IDF prisoners of war
During the Israeli War of Independence, defenders of a few communities were captured and forced to surrender to the enemy. Among others were soldiers from Gush Etzion and defenders of the Jewish quarter.
In the Yom Kippur War 301 Israelis were captured by Syria and Egypt, 232 of whom by the Egyptians, 65 by the Syrians and 4 by the Lebanese. The majority of them were captured in the first stage of that war. Some Israeli soldiers reported after their release about the difficult conditions they faced: they were severely beaten by their captors, sometimes making them unconscious, while many reported that they were being investigated under torture.
IDF soldiers taken prisoner by Arab paramilitary groups are often treated particularly harshly and their release is sometimes delayed for years, due to the difficulty in negotiating with these organizations. There are considerable differences in terminology between the parties - the Israeli media refers to them as "kidnapped soldiers", while the Arab media are calls them "captives" or occasionally "prisoners of war".
Known Israeli MIAs
- Zeev Rotshik, who has been missing in action since October 10, 1973.
- A tank crew declared missing after the Battle of Sultan Yacoub in Lebanon on June 12, 1982: Zechariah Baumel, Tzvi Feldman and Yehuda Katz.
- Ron Arad, an IDF F-4 Phantom II navigator, was lost over Lebanon on October 16, 1986.
- Guy Hever disappeared on duty in the Golan Heights on August 17, 1997.
Procedure and guidelines
IDF soldiers are told to completely avoid providing any information to captors, besides their basic identification information, however this has failed many times due to extreme pressures.
According to Reuben Yardor, a military intelligence leader of the Yom Kippur War, the automatic assumption they made was that all that's known to their captured soldiers is also known to the captors.
Several publicized stories of Israeli prisoners of war were:
- Corporal Uri Ilan, undercover soldier in the Golani Brigade who committed suicide in a Syrian prison in 1955, and left a note in which he wrote "I did not betray."
- Lieutenant Colonel Avi Nir, fighter pilot fallen in captivity during the Yom Kippur War, died in captivity while he declined to provide his captors secrets. After his death, he was awarded the Medal of Courage, for "[He] was tortured to death by investigators and but did not reveal any information. Doing so shows of loyalty and supreme sacrifice."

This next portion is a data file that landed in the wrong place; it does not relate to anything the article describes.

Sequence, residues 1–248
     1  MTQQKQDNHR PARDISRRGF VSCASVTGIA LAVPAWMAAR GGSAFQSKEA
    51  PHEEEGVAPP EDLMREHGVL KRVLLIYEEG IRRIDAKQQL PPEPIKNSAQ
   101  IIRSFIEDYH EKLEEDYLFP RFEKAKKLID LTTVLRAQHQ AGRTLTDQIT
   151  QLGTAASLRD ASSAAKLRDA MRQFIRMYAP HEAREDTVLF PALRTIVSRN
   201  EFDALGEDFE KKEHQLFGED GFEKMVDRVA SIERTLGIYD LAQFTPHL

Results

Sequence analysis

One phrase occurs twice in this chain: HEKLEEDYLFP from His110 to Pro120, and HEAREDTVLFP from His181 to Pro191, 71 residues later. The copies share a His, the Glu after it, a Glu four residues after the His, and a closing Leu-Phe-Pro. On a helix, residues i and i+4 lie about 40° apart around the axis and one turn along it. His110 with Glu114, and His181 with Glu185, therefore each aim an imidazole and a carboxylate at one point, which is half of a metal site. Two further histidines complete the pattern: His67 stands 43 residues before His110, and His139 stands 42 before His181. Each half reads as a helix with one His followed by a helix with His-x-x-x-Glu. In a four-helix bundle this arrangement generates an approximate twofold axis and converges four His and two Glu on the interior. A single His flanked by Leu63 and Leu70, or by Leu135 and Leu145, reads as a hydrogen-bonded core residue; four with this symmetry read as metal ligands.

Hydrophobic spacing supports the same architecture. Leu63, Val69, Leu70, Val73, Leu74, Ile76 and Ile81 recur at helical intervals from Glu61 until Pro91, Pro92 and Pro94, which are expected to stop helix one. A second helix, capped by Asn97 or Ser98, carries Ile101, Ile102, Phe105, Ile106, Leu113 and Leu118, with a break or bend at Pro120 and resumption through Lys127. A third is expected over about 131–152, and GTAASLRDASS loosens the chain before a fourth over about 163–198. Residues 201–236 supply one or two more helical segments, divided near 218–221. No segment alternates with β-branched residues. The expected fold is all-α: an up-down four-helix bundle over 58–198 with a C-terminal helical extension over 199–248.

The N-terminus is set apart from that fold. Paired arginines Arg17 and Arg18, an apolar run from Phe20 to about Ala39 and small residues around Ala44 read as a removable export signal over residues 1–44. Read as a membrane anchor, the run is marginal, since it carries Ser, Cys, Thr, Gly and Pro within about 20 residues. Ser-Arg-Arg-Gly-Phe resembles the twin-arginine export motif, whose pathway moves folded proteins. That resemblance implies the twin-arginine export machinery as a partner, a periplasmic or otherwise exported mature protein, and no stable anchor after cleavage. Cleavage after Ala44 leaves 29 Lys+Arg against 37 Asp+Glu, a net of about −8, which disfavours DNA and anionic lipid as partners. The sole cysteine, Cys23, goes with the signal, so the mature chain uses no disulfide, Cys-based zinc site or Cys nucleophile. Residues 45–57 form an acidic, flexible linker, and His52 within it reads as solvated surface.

- Lieutenant Amos Levinberg, intelligence officer taken captive by the Syrians in the beginning the Yom Kippur War, and gave his captors a lot of information.
Other who were able to be silent during their investigation include Uri Ilan and Avi Nir.
Efforts to release MIAs and legacy
In some cases, the IDF initiated plans of capturing hostages, to speed up the release of their captured prisoners.
When it became possible, the IDF military rescue operation team went on secret missions. A notable one was the failed rescue attempt of Nachshon Waxman on October 14, 1994, where he was killed along with Nir Poraz, one of the rescuers.
Israel's official policy is not to release convicted terrorists for the release of abducted civilians or soldiers. In practice this policy has not been implemented since Menachem Begin's prime ministership, as Israel showed willingness to secure the release its MIAs (and in some cases of soldiers' remains) in exchange for a large number of Arab security prisoners held by Israel, even those who have killed Israeli civilians, and has done so in multiple occasions.
Garden of the Missing in Action
- "Israel's MIAs". Israel Ministry of Foreign Affairs. 11 October 2012. Retrieved August 20, 2013.
- Kaplan, Danny. "Commemorating a Suspended Death: Missing Soldiers and National Solidarity in Israel" (PDF). American Ethnologist Volume 35, Number 3 (August 2008). ISSN 0094-0496. Retrieved 18 October 2011.
- Father of soldier missing in Lebanon dies at 82, Haaretz
- Dalia Gavriely. "Israel’s Cultural Code of Captivity and the Personal Stories of Yom Kippur War Ex-POWs". Sage Journals. Retrieved August 20, 2013.
- "Public Law- An Act". November 8, 1999. Retrieved August 20, 2013.
- (The source is in Hebrew)